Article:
BUSINESS

Satya Nadella Cautions Against AI Stealing Jobs But Reassures It Won't 'Write Like Rabindranath Tagore Anytime Soon'

People will have to learn new skills to survive the threat from automation, he says.

21/02/2017 11:58 AM IST | Updated 21/02/2017 2:14 PM IST
Abhishek Chinnappa / Reuters
Microsoft Chief Executive Officer Satya Nadella talks during a news conference in Bengaluru, India, February 20, 2017. REUTERS/Abhishek N. Chinnappa

Microsoft CEO Satya Nadella has been a big advocate of artificial intelligence and the use of robots, but he also has a candid warning about its impact on jobs, saying people will have to simply re-train and learn new skills to survive this threat on employment.

Nadella, who is visiting India to promote the company's products, on Monday said that while AI will play an important role in the future of technology, we are still far from advanced forms such as "human level understanding of language."

"We have a few parlour tricks but not anything that says we can actually have the ability to write like Rabindranath Tagore any time soon,'' Nadella said.

Nadella noted, however, that technologists are indeed making progress in AI. Microsoft itself is building an AI-based digital assistant called 'Cortana,' which will accompany its operating system, and what Nadella calls "a third run-time" after the inventions of the browser and the operating system. The company is currently working on giving this AI "agent" capabilities to understand natural language.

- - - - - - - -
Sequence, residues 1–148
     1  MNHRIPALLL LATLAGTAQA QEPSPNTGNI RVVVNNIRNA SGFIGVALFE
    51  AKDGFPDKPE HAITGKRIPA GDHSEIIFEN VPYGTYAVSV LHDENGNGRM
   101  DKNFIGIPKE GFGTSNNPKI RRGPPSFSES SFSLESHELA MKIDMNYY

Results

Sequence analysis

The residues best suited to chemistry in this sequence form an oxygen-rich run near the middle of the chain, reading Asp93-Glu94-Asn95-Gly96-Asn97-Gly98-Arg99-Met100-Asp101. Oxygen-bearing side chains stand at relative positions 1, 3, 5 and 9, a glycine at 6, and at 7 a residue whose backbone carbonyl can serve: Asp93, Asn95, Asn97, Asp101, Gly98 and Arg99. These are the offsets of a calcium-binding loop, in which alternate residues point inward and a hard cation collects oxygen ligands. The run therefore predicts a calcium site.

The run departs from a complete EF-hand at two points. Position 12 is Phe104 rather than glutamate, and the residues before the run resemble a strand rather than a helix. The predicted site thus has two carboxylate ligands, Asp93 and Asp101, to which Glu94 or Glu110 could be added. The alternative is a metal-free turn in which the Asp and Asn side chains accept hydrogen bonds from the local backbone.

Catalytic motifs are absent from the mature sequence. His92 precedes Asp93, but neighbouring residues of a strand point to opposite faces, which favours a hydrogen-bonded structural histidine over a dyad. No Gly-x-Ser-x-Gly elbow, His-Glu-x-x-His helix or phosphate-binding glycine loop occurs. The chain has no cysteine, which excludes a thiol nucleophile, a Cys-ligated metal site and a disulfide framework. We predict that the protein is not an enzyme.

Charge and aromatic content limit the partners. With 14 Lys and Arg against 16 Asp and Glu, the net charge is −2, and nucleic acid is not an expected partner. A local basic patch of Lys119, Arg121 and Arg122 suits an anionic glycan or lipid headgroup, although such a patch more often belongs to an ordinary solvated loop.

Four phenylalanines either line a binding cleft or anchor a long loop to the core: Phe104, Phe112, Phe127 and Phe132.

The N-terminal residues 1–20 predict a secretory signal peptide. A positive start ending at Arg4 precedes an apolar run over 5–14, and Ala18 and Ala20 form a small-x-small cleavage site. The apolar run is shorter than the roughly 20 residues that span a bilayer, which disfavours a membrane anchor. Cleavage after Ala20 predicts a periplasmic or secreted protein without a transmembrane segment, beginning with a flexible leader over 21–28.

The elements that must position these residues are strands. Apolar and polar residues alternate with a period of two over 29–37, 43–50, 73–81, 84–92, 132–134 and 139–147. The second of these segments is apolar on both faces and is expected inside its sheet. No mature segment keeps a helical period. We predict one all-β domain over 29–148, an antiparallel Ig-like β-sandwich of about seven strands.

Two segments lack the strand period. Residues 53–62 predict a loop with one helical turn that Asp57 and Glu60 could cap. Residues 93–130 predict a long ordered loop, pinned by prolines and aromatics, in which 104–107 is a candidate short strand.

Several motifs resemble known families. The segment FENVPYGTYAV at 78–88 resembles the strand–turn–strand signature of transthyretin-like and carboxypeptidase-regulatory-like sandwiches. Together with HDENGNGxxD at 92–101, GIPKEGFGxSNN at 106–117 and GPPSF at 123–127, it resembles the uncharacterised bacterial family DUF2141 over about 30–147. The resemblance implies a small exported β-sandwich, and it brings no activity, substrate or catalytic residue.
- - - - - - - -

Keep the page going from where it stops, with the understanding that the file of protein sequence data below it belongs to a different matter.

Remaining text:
"I think it is an exciting future but at the same time, you have to be very mindful of the impact of AI on jobs...That's why I want to make sure some of the skilling work we are doing in India is going to help people," he said.

According to him, for a services-based country like India, even with advances in AI, there will always be many jobs that AI may not be able to perform.

"When there is a lot of artificial intelligence, real intelligence will be scarce, real empathy will be scarce, real common sense will be scarce. So, we can have new jobs that are actually predicated on those attributes."

Nadella has talked about the moral imperatives of AI in the past. Earlier this year, he said at a conference in Germany, "We need technological breakthroughs that drive growth beyond 'us'... in the world. ... We now have to do our very best work, both as tech industry, the rest of the industry, the public sector, the government, in being able to help our people get skilled for the jobs of the future. That, I think, is the most pressing need."

Earlier this week Microsoft Co-founder Bill Gates made a rather radical suggestion about AI, saying that robots that steal human jobs should pay taxes, as a way to help governments to slow down the advance of AI and use the resources to create other types of employment.

While tech companies and government work out the exact role the technology could play, AI's advance so far hasn't been without hiccups.

In 2015, Microsoft's briefly experimented with "Tay," a bot which was designed to chat on Twitter, but shortly after launch, it began spewing offensive tweets including ones with racist, pornographic and sexist content prompted by other users.

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